Written by Team Juggernaut
by Keith Enderlein
The recent popularity of improving mobility has been a major blessing in the strength and conditioning field. No longer is stretching just for girls and yoga classes. People like Kelly Starrett, Eric Cressey and Mike Robertson have made it cool to mobilize and they show you how you can reap the benefits in terms of faster WOD times and PR’s on the platform. I’m sure that if you worked one on one with Kelly you would get huge results and be PR’ing all the time, but odds are you aren’t working with him and not hitting PR’s because of improved mobility. Will doing mobility drills on your own lead to PR’s? That is the question I’m here to attempt to answer for you, and if so is the time spent mobilizing a worthwhile endeavor.
Mobility interests me because I was always injured in high school and college while playing football and couldn’t figure out why I was suffering these non-impact injuries. Hitting a 250 pound tight-end full-speed and separating my shoulder was pretty easy to figure out but not the hamstring tears, MCL sprains, ankle injuries, meniscus tears, pectoral tears, etc. I’ve been to six different physical therapy clinics, five different chiropractors, and had five different athletic trainers during my football career. There were some subtle differences in approaches with my treatments but regardless of the injury, the care basically all went the same way. They looked at the site of injury, tested that area to see the issue, and went about treating only that area until they thought I was healthy enough to return to play. They left me with a printed out cookie cutter exercise and stretching plan and that was it. This is the classical approach that is taken when only treating symptoms. Once the symptoms were gone I guess I was ok? The issue with that was that I kept getting hurt. It would be this or that while sprinting, this or that while jumping, this or that while benching. I was doing the same exercises as everyone else but why weren’t they getting hurt? The trainers would say, “You are just unlucky.” But I felt there was a reason and no one seemed to have any answers for me.
I was a proponent that stretching didn’t work based on what I had been through with my various injuries in physical therapy. I’d gain range of motion in the session of stretching but the next day, I was back to baseline. Sometimes I’d get really into stretching and do it for an hour a day for a few weeks and see some progress but just missing out on a couple days of that routine and I’d be back to where I was before. Maybe you have been there as well. Felt that all your efforts were for not. That nothing seemed to work, no matter how much you tried to mobilize the areas you were told to.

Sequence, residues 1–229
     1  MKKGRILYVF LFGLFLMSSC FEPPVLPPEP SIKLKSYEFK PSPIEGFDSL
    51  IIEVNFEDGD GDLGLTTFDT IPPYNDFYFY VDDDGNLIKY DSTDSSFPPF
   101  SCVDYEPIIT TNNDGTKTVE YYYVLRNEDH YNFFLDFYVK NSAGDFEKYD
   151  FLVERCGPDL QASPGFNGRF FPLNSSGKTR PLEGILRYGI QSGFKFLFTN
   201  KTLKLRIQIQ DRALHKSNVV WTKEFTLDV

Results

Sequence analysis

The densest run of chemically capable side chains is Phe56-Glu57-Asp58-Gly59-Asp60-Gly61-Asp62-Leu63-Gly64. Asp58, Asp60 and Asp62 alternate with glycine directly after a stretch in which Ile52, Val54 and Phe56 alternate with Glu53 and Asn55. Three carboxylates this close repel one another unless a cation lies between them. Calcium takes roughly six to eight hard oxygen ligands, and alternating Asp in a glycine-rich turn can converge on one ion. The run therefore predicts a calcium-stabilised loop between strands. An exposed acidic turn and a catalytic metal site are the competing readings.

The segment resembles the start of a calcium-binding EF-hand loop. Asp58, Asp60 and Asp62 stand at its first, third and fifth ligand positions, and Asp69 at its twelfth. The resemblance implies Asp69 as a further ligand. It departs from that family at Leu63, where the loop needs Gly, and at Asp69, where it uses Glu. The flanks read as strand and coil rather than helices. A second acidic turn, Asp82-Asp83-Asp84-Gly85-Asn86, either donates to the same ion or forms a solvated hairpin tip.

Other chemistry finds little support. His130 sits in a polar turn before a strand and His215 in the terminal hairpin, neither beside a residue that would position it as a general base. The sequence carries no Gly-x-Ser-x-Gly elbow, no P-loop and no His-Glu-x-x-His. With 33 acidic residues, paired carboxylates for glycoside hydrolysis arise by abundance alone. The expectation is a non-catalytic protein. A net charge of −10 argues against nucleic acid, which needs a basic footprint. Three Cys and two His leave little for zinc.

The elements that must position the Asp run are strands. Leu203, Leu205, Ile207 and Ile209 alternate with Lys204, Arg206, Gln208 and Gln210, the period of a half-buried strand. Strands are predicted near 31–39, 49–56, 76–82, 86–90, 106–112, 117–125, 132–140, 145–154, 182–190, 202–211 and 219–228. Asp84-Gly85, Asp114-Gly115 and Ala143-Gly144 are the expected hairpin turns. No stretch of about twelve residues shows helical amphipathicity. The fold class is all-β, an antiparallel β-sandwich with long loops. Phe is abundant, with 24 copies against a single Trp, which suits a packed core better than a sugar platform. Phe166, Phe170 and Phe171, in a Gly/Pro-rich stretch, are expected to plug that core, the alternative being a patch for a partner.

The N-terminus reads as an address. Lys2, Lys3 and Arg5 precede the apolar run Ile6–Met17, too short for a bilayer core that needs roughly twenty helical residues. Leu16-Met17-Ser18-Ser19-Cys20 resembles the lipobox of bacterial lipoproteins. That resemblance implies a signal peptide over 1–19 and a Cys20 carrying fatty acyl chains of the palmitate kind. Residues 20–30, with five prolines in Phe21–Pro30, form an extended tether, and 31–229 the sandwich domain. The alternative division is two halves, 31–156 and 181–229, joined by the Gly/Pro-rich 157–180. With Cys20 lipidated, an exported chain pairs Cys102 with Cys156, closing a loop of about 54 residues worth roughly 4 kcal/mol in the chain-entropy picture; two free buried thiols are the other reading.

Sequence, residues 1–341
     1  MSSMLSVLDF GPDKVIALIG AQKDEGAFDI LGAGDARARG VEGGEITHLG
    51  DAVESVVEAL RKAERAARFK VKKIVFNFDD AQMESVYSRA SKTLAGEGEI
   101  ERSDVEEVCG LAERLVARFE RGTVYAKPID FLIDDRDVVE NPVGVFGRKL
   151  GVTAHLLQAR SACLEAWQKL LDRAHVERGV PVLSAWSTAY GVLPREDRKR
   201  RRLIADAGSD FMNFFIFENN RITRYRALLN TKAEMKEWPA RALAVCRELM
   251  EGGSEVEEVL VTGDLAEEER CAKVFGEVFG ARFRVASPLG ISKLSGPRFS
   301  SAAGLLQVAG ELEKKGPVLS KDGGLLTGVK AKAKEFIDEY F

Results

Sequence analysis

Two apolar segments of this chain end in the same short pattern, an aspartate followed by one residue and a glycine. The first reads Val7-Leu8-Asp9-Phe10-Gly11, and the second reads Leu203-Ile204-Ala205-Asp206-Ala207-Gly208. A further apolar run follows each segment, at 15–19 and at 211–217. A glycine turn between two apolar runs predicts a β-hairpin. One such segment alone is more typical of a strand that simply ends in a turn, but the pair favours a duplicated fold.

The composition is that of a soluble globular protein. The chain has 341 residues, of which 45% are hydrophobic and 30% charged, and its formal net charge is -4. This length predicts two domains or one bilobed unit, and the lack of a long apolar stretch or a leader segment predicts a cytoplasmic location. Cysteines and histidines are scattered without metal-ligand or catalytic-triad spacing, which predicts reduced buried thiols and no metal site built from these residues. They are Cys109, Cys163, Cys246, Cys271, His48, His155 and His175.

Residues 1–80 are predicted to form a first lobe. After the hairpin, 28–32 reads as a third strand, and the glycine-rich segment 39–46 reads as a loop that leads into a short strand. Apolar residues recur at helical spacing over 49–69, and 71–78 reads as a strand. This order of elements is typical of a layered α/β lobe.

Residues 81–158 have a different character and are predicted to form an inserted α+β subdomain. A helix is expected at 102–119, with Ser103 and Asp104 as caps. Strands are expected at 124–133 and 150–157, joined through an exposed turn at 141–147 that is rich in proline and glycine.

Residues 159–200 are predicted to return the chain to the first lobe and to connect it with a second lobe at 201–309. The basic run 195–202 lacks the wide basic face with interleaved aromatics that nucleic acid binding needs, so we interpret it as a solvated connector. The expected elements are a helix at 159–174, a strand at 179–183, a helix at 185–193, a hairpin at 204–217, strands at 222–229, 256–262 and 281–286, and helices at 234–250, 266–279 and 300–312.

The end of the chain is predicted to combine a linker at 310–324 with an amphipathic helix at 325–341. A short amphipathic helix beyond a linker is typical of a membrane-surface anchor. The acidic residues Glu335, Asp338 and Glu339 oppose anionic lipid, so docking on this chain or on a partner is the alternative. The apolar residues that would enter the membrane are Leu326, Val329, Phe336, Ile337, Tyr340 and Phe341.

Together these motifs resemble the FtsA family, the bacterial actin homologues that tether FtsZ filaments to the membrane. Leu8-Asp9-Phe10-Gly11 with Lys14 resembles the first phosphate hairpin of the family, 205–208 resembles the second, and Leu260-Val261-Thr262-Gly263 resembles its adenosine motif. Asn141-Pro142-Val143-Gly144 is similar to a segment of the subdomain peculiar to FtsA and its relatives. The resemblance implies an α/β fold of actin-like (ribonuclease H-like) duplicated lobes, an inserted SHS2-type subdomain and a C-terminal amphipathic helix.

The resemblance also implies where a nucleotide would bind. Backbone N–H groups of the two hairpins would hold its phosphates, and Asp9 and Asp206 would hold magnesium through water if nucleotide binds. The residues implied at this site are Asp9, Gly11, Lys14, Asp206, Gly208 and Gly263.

The major problem with the way my injuries were dealt with was all they did was treat my symptoms and never went in depth to figure out why I was always tearing my hamstring or why I was always spraining my ankle or why I’d have a tight hip flexor one week and then a tear in my groin the next week. Never did they look up or down the kinetic chain to see if their was a movement pattern fault or weakness outside of the injured area until I went to a Chiropractor who studied Biomechanics last November. He never once popped or cracked my back. He wasn’t about trying to adjust me to put me back in alignment. His theory was after I did these specific exercises, mobility drills, and soft tissue work, that my body would slowly realign and balance itself over time. He tested my motor patterns, found weak muscles, found tissue restrictions and then we took an approach together to attack those areas. This is really where my journey and interest in this sort of treatment took off. I’ve had a couple massage therapists tell me that bones are slaves to muscles (if the muscle is tight it will pull the bone out of alignment), which is true but muscles have a higher commander and that is your central nervous system (CNS). You can get the muscle to relax and lengthen but if your CNS wants that muscle to be short, the muscle is going to shorten and there is nothing you can do about it. A typical Chiropractor would say that if you align the spine then your central nervous system will have less restrictions in communicating its signal to your muscles and your body will realign itself. This is true to an extent but that doesn’t mean it will revert to the most optimal state and create new motor firing sequencing just because you got rid of a subluxation.